Taking the Children to Work (Women’s Voice, 1980)



Harriet Sherwood talks to Lorraine Huddle

STATE NURSERIES are rapidly becoming a thing of the past. The inadequate provision which existed this time a year ago has been decimated as part of the Government’s cuts in public spending.

Most unions have negotiated maternity rights in the last five years. These vary considerably, but allow mothers the right to return to their jobs having had a child-although the Tory Employment Bill plans to change that in some workplaces. This right is useless unless some kind of childcare for the under fives is provided.

Inadequate state provision has led some unions to negotiate for workplace nurseries. Criticism of this kind of childcare is strong-from both trade unionists and employers. Trade unionists have argued that it is the state’s responsibility to provide nurseries, and that workplace nurseries tie parents to jobs. Employers have also said that it is the state’s job to provide childcare, but for a different reason: they don’t want the respon- sibility, financial or otherwise. But for many working mothers, or would-be mothers, the chance of a workplace nursery is the only chance they have.

In 1975 (the latest available figures) there were 90 workplace nurseries, “providing places for 2,571 children-less than one in a hundred of under-fives.

Kingsway Children’s Centre has been open for two and a half years, although negotiations lasted for’ two years before that. The idea was to set up a workplace nursery for the children of trade union workers in the area. although now NALGO is the only trade union employer involved.

Lorraine Huddle, whose two year old daughter is at the nursery, was involved in the negotiations. ‘l can’t say we needed to fight very hard for the nursery’, she says. ‘The employers were very shrewd-they didn’t want to lose their professional women workers who had decided to have children.

‘Lots of women wanted to have children but even though the Employment Protection Act was in force they couldn’t return to work because there were no child care facilities.’

Estimating demand was a problem. lt’s easy enough to find how many mothers would prefer a workplace nursery to their present arrangements, and how many women are planning to have children in the foreseeable future; but it is impossible to estimate how many mothers do not work because of the lack of facilities.

Kingsway Children’s Centre provides 30 places, and about a third of those are reserved for ‘babies’ (children under two years old). It is run by a committee of staff and parent representatives and is financed partly by the employers, who pay two thirds of the total running costs, and the parents. The fees work :nut to £65 a month for employees, which, as Lorraine points out, is fairly prohibitive for low paid workers.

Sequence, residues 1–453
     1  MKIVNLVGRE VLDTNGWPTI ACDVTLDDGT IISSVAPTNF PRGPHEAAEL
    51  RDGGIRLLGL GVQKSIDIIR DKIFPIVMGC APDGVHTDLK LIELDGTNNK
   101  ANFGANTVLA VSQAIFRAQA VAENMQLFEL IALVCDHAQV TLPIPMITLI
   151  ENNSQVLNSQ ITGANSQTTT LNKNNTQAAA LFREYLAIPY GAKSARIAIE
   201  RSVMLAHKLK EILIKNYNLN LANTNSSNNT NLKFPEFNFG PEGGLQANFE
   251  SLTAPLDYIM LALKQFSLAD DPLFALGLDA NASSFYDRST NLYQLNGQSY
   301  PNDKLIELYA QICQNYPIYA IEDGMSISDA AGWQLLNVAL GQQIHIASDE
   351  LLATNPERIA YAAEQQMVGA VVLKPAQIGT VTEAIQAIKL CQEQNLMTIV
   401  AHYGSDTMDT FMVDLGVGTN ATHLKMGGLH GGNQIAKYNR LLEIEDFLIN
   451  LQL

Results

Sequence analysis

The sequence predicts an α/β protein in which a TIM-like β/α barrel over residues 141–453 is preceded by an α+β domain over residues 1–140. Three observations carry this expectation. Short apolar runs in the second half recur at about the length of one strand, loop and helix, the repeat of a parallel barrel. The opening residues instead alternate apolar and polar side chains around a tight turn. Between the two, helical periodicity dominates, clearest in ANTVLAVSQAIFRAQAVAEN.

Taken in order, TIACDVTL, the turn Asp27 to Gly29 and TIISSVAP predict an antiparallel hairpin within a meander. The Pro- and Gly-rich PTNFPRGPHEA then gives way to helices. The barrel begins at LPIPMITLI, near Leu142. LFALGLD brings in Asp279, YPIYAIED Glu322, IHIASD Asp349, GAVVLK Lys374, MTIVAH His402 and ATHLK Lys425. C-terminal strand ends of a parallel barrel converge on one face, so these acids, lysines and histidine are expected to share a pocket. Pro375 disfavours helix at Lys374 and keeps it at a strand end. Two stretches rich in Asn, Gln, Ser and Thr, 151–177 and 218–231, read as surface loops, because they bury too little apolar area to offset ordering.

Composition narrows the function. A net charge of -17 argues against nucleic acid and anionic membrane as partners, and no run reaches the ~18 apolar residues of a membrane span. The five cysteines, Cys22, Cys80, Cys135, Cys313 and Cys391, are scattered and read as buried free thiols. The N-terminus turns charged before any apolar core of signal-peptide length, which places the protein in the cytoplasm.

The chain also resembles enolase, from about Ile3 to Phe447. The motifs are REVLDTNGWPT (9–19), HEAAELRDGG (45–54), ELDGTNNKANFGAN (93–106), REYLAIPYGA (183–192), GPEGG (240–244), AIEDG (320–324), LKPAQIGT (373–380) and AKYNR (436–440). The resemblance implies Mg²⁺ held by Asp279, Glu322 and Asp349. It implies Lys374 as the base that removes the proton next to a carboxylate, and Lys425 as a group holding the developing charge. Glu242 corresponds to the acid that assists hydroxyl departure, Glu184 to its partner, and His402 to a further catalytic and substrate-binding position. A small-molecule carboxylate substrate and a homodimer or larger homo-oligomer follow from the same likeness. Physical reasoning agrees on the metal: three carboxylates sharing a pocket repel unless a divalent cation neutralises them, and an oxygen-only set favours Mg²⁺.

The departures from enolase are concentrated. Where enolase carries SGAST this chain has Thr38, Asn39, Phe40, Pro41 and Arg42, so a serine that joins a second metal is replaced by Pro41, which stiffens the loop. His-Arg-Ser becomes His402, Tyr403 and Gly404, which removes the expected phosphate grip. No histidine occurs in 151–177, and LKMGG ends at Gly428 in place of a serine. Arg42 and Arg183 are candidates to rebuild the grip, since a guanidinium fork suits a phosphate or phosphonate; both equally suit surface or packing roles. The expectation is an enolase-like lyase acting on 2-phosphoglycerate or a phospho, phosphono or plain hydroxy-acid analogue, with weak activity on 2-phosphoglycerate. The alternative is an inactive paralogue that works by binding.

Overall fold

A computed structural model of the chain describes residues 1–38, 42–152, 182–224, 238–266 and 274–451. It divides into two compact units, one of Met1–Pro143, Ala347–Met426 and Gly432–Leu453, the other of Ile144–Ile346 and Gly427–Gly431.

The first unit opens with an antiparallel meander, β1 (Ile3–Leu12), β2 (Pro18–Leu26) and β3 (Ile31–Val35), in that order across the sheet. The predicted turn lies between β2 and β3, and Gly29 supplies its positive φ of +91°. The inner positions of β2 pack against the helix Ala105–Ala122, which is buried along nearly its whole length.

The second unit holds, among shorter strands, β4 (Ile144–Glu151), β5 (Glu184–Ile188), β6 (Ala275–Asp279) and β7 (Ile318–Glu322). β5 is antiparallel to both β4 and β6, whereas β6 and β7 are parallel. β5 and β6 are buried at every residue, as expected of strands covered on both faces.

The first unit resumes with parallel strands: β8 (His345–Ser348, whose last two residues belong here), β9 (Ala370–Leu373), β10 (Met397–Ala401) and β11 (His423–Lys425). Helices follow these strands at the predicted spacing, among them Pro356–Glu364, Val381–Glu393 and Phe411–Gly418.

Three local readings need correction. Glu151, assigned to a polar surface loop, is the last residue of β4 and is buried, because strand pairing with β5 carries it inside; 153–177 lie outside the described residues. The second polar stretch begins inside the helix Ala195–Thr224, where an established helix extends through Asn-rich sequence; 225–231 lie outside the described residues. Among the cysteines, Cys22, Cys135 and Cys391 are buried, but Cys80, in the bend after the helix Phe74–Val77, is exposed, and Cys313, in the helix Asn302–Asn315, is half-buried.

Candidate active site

The nursery is called a children’s centre because it combines day care with education. ‘Most parents agree that their children have learnt skills such as talking and co-ordination at a very early age,’ says Lorraine. ‘The nursery stresses ‘non-sexist education and provides a stimulating environment.’

But the Kingsway nursery is not without problems. A recent blow was the closing of Covent Garden Community Gardens, which was the only decent piece of greenery in that part of London. An office block is being built in its place.

One of the disadvantages of a workplace nursery is the travelling involved. Bringing a two year old into central London in the rush hour can’t be much fun, and Lorraine thinks this is one reason why the demand for places at the Kingsway nursery isn’t as high as expected.

‘Quite honestly l’d rather have my child in a state nursery’, says Lorraine.

‘But l can’t see much possibility of that now. The Tories are bent on chopping nurseries along with hospitals, jobs, housing – the list is endless. You can’t isolate nurseries; fighting for them goes hand in hand with fighting for all the other things we need, and fighting against the whole crazy system by which our society is run.’

The first hurdle, in some workplaces, will be persuading the union to campaign for a nursery at all. The notion that it is ‘outside the union’s scope of work’ is fairly common in some of the traditionally male dominated trade unions. The issue of childcare may need a lot of lobbying from women within the union before negotiations even begin with the employers.

Trying to assess demand can be a problem. lf you use a questionnaire you have to remember that the need for a nursery may also extend to men. It’s impossible to discover what the future demand will be, in terms of mothers who cannot work now because there is no-one to look after the children. But in 1972 37.2 per cent of women who couldn’t work said they would return to work if child care facilities were available.

Most successfully negotiated workplace nurseries are in buildings or rooms which have at one time been nurseries-so it is worth looking out for an empty one.

Many employers are reluctant to take on sole responsibility for providing a nursery, and often the demand is not high enough in one workplace to justify it.

The answer to this is to find out if other unions/workplaces in your area are interested in participating in a scheme.

If the employers agree to setting up a nursery it is important that the union is involved in the organisation and, later. the general administration of the nursery. For example the union should help decide the initial pay of the nursery workers.

If a workplace nursery is not possible because of a scattered workforce, or a suitable location can’t be found, then consider pressing for a nursery/childminder subsidy from the employer.

Most important. a nursery campaign shouldn’t be isolated from a general campaign for better opportunities for women.

Women’s Voice 41, May 1980


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